I love polenta but hate standing over a simmering pot for 45 minutes, so I gave this new approach a try. The result is not quite as creamy as the traditional method, but soooo much easier. I suspect that if you make it in advance and let the rice cooker keep it warm for a bit, you won't be able to tell the difference.

Use 4 cups of water for 1 cup dry polenta. Add a little salt (what's a little? depends on your taste; I don't care for overly salted foods, so I suggest 1/2 tsp.) and some olive oil (the recipe I followed called for 3 T; I used 1 T, and suspect it may not be necessary except for taste) and any other ingredients you care for (parmesan, herbs, you get the picture).

Throw it all in the rice cooker, set to Normal/Basic White Rice. You can stir it from time to time if you're nervous. That's all!!! Then you can pour it out on a platter, let it set, cut it and fry it or whatever you like to do with polenta.
deborahjross: (Deb and Cleo)
People are often amazed when I say I cook gluten-free vegetarian meals for my sweetie, so I'll be posting some scrumptious recipes on Book View Cafe blog. Some vegan, some with dairy and eggs. Here's today's, a creamy vegetable and chickpea "curry" made with coconut milk and ginger. Meat-eaters have never complained, it's so satisfying.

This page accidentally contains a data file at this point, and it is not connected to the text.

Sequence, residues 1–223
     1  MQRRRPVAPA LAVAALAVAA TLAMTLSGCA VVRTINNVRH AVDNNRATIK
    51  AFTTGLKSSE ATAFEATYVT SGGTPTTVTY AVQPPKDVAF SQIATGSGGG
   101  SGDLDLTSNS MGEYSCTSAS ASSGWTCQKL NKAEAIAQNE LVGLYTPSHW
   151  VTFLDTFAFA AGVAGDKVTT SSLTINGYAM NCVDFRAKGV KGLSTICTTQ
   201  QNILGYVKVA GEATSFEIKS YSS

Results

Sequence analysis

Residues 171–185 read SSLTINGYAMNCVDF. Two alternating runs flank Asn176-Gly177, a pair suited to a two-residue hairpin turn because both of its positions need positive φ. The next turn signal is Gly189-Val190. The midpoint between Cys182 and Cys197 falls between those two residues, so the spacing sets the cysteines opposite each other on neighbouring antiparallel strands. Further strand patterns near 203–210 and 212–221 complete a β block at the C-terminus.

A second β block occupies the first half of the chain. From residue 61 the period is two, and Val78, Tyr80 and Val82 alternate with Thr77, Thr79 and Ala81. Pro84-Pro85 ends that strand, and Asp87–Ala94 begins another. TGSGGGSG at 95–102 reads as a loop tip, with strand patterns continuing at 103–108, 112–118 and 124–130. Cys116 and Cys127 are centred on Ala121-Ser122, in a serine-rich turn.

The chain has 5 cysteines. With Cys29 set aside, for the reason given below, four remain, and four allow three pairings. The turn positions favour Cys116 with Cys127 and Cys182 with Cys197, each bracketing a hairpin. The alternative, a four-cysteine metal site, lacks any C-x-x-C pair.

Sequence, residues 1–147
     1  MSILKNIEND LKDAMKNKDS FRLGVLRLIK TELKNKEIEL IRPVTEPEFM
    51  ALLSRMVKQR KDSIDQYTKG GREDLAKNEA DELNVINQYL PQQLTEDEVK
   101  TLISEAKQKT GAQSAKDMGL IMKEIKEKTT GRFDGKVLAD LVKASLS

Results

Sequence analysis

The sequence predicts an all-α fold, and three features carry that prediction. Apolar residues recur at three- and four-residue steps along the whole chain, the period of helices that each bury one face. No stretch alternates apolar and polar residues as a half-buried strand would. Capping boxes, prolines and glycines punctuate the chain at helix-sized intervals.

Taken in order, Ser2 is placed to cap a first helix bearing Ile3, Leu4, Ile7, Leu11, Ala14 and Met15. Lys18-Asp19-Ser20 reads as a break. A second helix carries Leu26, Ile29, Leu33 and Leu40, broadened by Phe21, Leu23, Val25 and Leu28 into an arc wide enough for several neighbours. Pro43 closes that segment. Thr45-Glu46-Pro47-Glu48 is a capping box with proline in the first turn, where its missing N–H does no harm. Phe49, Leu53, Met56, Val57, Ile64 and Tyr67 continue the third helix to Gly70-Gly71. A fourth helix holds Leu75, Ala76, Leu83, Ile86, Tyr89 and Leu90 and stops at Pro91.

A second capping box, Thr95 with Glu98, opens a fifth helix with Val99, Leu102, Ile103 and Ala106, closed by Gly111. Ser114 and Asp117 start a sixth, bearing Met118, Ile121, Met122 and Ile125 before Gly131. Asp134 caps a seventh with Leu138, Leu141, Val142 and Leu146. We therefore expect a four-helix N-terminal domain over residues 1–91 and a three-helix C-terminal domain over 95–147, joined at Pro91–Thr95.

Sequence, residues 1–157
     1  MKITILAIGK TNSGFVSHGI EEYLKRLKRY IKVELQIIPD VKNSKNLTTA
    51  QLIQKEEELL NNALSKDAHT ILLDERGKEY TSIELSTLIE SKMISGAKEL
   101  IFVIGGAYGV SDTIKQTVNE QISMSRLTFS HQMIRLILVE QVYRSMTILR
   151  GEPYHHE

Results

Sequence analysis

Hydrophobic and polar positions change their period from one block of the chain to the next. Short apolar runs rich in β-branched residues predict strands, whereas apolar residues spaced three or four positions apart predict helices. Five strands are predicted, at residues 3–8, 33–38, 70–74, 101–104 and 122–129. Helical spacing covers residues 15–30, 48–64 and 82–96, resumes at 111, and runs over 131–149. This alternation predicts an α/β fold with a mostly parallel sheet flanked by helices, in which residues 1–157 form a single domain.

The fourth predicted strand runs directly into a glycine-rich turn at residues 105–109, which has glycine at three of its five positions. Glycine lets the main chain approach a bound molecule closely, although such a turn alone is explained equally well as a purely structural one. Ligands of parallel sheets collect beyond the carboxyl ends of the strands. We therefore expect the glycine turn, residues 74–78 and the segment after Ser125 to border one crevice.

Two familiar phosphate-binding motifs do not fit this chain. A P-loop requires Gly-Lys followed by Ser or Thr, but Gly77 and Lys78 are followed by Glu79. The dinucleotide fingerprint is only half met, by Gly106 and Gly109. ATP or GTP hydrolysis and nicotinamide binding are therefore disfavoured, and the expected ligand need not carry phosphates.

http://www.facebook.com/#!/profile.php?id=1785427065
deborahjross: (teddy bears)
We -- or rather, Dave, using a long-handled picker, harvested the last of this season's grapefruit. The amount came to around 80 or 90. Some went to our Quaker meeting, but the rest are washed and awaiting the next exciting step. I think I can store some in the refrigerator, but most are so ripe, the skins are soft and they won't keep for any length of time. Therefore, I will spend this afternoon canning and creating marmalade. Grapefruit marmalade is amazing stuff, but tedious to make. This time, I'll try buzzing the peeled outer rind in a food processor instead of using a knife to create thin strips. It's also possible to make crystallized grapefruit rind and chocolate-dipped grapefruit rind, but candy is not what we need more of!

Canned grapefruit turns out a bit soupy, but is okay for non-grapefruit-season. It retains enough vitamin C to be worth eating.
deborahjross: (Deb and Cleo)
I persuaded [livejournal.com profile] davetrow to reserve a little of the grape must for me to strain into fresh juice. He gave me about 1/2 gallon, mostly skins and seeds. I poured it into a ricer set over a large bowl and off we went to midweek Quaker worship. Came back, squeezed out the last of the juice and took a sip.

Oh. My.

The taste-endorphin part of my brain wonders how much of this would actually make it into wine if people only knew...

Now, it was just a tad sweeter than "pure," because Spousal Vintner had added sugar to the right level to keep the yeasties happy. Not much -- he figured 1 lb for 8 gallons. So it's a tad on the sweet side for drinking in any volume. But the flavors are wonderful -- not one-note like Concord, but multi-layered. A thing to be sipped and savored.

Next year, we'll remove the juice-tithe before adding sugar. It would also make stellar jelly, but again, would have to be set aside before the pectin-enzymes are added. I'd use a low-methoxyl pectin (not dependent on sugar to set) and probably wouldn't need any added sugar at all.

We still have about a quart and a half of juice...

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Deborah J. Ross

May 2017